Tuesday, May 19, 2009

12th Grader Shapes Translation History?

I don't know if anyone in the Millburn School District (New Jersey) had heard of machine translation before they met Hayden Metsky, but I'm sure they all have now.

According to yesterday's issue of the Independent Press, the local paper there in Millburn, New Jersey--wherever that is, the 12th grade Metsky and his teacher, Paul Gilmore, won an all-expense paid trip to Reno Nevada for the International Science and Engineering Fair. "As a finalist in the North Jersey Regional Science Fair, the preliminary competition for the ISEF, Mr. Metsky and three other students won trips for themselves and a teacher to the finals...He was also a finalist in the 2009 Intel Science Talent Search and in the Siemens Competition in Math, Science and Technology."

Young Metsky's project? "Improving Statistical Machine Translation Through Template-based Phrase-table Extensions," a title even I don't understand. And, from what I gathered from the Independent Press report, neither did the journalist who wrote the article. Only stating that the project "involves a method of improving translation between world languages [and that Metsky] created software aimed at increasing the accuracy of automated computer translation, called machine translation," the article doesn't discuss Metsky's project itself, only what machine translation is, something most people who care about the topic already know.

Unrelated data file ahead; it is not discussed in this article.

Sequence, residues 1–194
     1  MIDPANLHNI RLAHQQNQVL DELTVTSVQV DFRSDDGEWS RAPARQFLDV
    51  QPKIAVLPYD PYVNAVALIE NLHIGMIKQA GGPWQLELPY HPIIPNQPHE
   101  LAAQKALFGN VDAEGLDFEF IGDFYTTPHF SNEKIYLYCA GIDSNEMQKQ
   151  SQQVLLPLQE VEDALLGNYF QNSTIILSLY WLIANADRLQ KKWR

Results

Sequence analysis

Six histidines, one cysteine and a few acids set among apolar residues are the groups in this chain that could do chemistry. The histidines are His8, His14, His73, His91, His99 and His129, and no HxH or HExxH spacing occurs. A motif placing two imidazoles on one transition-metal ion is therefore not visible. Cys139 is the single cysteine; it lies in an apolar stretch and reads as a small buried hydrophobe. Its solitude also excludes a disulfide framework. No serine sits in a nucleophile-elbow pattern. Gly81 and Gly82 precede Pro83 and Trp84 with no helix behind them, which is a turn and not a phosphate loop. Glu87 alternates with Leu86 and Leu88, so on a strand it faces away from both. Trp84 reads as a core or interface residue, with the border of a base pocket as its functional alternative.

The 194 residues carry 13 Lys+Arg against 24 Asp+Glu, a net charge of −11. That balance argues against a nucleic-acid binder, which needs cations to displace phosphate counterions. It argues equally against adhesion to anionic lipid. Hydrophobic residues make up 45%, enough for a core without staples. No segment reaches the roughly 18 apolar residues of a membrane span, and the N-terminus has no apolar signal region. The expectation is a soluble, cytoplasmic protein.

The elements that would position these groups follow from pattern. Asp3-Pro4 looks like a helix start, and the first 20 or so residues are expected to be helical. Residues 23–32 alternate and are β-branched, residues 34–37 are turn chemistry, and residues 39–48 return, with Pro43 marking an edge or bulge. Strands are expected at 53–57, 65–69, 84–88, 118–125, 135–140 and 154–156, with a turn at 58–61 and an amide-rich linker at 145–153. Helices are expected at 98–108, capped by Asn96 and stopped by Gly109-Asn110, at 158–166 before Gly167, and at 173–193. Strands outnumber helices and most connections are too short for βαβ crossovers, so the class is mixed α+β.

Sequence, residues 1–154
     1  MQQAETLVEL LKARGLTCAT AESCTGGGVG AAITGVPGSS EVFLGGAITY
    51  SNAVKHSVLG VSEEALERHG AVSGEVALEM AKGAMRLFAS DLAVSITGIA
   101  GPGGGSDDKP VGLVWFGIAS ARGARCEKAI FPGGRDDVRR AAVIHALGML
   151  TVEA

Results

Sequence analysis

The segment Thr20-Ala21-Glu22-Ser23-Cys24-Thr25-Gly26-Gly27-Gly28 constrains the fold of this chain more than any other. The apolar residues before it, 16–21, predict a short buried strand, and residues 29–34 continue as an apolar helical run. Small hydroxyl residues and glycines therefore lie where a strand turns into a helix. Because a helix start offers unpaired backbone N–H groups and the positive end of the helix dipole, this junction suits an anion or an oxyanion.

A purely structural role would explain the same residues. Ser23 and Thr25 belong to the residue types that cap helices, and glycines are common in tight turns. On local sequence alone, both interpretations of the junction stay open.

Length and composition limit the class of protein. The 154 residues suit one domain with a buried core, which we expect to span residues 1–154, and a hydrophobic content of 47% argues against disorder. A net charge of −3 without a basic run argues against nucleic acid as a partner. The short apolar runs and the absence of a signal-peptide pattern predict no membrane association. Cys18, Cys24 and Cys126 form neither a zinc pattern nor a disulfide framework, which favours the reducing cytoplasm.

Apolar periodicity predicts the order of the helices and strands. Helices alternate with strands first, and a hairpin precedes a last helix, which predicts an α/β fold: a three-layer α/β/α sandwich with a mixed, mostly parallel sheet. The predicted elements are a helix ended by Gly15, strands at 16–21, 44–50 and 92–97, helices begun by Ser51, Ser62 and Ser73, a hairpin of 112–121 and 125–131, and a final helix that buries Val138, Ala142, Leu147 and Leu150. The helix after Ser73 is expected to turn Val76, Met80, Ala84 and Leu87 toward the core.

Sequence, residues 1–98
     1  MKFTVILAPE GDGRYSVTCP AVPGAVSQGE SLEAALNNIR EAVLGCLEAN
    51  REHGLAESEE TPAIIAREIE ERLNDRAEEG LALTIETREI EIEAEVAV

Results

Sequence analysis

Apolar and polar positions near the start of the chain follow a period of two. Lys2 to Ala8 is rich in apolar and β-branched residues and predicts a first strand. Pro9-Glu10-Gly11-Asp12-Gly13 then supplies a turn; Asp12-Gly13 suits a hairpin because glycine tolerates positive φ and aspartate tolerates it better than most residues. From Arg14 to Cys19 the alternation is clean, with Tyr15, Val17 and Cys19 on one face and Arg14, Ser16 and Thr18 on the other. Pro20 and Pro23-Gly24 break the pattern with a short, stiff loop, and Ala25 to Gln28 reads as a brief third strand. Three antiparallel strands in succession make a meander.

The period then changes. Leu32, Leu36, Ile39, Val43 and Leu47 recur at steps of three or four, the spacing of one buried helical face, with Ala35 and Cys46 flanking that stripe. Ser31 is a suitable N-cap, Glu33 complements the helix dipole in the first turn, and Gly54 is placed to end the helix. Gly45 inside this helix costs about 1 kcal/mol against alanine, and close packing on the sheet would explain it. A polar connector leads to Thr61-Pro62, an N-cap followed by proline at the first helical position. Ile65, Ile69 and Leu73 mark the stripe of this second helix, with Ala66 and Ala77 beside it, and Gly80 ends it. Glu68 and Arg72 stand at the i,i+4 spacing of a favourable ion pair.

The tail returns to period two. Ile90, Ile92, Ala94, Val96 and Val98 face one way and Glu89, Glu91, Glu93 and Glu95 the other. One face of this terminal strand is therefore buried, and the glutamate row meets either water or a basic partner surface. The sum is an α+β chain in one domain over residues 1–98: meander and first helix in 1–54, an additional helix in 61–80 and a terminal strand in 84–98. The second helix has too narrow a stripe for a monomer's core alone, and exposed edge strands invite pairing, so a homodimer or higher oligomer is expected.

I personally would like to learn more about the student's project. Any effort to improve machine translation can only be a good thing, if not for the industry, then at least for the world. And the advancements have got to come from somewhere. To quote Common Sense Advisory guru, Renato Beninatto, a bit out of context, "Nothing will change until we keep trying to out-Trados Trados. Innovation requires paradigm shift to collaboration & real open source." Maybe Mr Metsky, then, is exactly what this industry needs. We grown-ups tend to have our politics, if not our corporate maneuverings, and I think it's really cool, for lack of a better word, that the latest advancement I've heard of has come from some kid in New Jersey.

Not to mention the fact that one of the top prizes in a recent science and engineering competition had to do with translation.

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